June 22nd 2017
A new study that shows the health and wellbeing benefits of swimming was launched yesterday by Swim England.
The report shows the unique benefits of water make it the ideal place for people of all ages to exercise. It is particularly beneficial for those with long term health conditions. The report also found evidence that swimmers live longer. Swimming regularly also helps older people to stay fit, physically and mentally. On the other end of the scale, the report also found that children who take part in swimming lessons regularly develop physical, cognitive and social skills quicker than those who do not.
Swim England commissioned the independent report and will use the findings to raise awareness within the health professions that swimming is a safe, viable and potentially cost-effective option to signpost patients. They are also calling on the wider health and sports sector to come together and invest in further research on the impact of physical activity on mental health and long term conditions.
The full report can be downloaded from the Swim England website by clicking here.
Swimming can be a game-changer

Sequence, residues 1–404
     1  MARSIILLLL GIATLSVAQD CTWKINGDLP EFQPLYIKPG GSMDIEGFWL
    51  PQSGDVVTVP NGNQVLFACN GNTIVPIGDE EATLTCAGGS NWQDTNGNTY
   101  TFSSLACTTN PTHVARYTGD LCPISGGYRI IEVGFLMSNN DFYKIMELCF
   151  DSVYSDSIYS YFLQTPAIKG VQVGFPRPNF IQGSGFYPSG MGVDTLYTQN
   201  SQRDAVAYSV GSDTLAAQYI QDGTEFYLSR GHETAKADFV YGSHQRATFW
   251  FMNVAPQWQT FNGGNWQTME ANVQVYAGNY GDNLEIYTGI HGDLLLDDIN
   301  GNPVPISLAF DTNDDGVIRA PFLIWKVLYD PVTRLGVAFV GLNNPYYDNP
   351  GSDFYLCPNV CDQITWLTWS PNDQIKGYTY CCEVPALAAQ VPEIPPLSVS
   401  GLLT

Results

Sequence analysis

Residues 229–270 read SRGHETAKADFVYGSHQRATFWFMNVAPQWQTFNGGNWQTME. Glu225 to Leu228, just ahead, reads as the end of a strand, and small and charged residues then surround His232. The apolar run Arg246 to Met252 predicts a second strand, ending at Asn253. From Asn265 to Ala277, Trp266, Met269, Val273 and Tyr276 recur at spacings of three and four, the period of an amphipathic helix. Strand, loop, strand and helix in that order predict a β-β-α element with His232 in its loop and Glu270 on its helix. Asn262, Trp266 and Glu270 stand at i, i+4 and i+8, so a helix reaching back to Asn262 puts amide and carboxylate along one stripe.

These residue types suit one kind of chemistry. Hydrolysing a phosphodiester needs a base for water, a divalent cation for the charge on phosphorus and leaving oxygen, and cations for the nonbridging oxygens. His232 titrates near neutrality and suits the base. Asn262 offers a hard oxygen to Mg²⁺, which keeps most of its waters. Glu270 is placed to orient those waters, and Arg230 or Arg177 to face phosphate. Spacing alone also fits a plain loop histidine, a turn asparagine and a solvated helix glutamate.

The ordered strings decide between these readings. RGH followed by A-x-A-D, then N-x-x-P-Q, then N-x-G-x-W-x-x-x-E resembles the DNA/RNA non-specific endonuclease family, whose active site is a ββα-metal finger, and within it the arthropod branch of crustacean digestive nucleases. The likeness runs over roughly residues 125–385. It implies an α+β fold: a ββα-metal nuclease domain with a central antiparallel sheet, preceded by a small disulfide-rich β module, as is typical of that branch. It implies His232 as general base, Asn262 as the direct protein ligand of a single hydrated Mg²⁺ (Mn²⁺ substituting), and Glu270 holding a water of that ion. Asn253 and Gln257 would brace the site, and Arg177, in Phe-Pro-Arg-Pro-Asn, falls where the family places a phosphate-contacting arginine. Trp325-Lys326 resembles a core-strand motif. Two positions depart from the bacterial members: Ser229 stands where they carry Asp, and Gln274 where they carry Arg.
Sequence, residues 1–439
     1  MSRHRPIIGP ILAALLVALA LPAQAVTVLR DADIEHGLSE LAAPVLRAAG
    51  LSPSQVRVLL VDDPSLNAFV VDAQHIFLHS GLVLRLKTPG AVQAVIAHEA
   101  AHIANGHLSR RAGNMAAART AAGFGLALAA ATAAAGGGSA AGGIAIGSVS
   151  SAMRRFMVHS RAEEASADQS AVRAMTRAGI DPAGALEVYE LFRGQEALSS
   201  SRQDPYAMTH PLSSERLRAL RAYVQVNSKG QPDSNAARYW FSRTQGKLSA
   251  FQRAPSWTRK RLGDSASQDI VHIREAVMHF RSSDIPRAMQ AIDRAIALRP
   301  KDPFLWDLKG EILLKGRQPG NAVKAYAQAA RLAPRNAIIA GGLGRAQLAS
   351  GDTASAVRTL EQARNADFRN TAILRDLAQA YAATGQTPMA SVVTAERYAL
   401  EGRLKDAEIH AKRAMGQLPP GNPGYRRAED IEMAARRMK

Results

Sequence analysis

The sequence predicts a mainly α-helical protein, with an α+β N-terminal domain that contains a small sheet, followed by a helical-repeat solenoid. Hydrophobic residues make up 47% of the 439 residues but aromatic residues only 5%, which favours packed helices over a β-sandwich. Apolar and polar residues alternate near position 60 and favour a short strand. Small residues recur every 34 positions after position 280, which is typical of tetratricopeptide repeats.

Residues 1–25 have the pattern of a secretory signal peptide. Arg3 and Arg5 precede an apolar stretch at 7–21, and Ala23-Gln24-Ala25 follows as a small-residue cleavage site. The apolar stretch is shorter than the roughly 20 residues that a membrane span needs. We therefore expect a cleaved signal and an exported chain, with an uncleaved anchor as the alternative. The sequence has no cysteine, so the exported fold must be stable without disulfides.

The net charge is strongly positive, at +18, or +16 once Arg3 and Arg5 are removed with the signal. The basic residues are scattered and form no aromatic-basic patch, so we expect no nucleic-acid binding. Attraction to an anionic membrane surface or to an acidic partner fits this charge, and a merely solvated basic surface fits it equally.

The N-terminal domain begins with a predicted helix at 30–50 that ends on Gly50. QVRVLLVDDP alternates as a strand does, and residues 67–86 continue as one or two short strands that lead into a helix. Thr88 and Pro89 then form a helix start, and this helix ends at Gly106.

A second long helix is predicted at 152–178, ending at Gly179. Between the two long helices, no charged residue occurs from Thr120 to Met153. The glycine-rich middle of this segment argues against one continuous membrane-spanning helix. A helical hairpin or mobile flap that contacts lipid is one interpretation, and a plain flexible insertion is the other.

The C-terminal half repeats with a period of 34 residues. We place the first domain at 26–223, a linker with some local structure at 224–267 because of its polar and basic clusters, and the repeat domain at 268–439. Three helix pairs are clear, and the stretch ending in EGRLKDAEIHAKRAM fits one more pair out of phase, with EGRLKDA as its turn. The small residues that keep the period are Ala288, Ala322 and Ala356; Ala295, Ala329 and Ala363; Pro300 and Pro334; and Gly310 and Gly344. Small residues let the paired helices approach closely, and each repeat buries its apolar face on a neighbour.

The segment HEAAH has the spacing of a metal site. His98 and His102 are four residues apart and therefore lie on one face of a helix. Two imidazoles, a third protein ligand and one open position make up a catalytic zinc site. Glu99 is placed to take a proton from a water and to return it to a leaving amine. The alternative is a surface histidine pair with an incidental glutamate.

Swim England’s CEO Jane Nickerson said: “It is evident from the report that swimming has enormous potential to support the health and wellbeing of the nation. The unique properties of water means that unlike other activities, no one is restricted from taking part. The report particularly highlights the benefits of swimming and aquatic activities for people with mental health concerns or problems with their joints and muscles. This supports findings from our Dementia Friendly Swimming project. However, it is an area where further research across the health and sports sector is required.
We will use the report findings to continue to develop our Health and Wellbeing Model and our Aquatic Activity for Health qualification. We will also be working closely with the swimming workforce and health practitioners to increase awareness of the benefits of swimming and make it a viable option for signposting patients.”
Mike Farrar, Swim England Group Board Chairman and former CEO of the NHS Confederation, said: “For too long, national guidelines have concentrated on the cardio vascular benefits of exercise undertaken by healthy people, rather than on those who are less fit or have long term health conditions.
To fully understand the links between physical activity and health in the general population, we would need to see more national resources invested into research. This report shows that activities like swimming really do have the potential to be a game-changer in supporting the health of this nation, especially at a time when cuts to services means less money for long-term care.”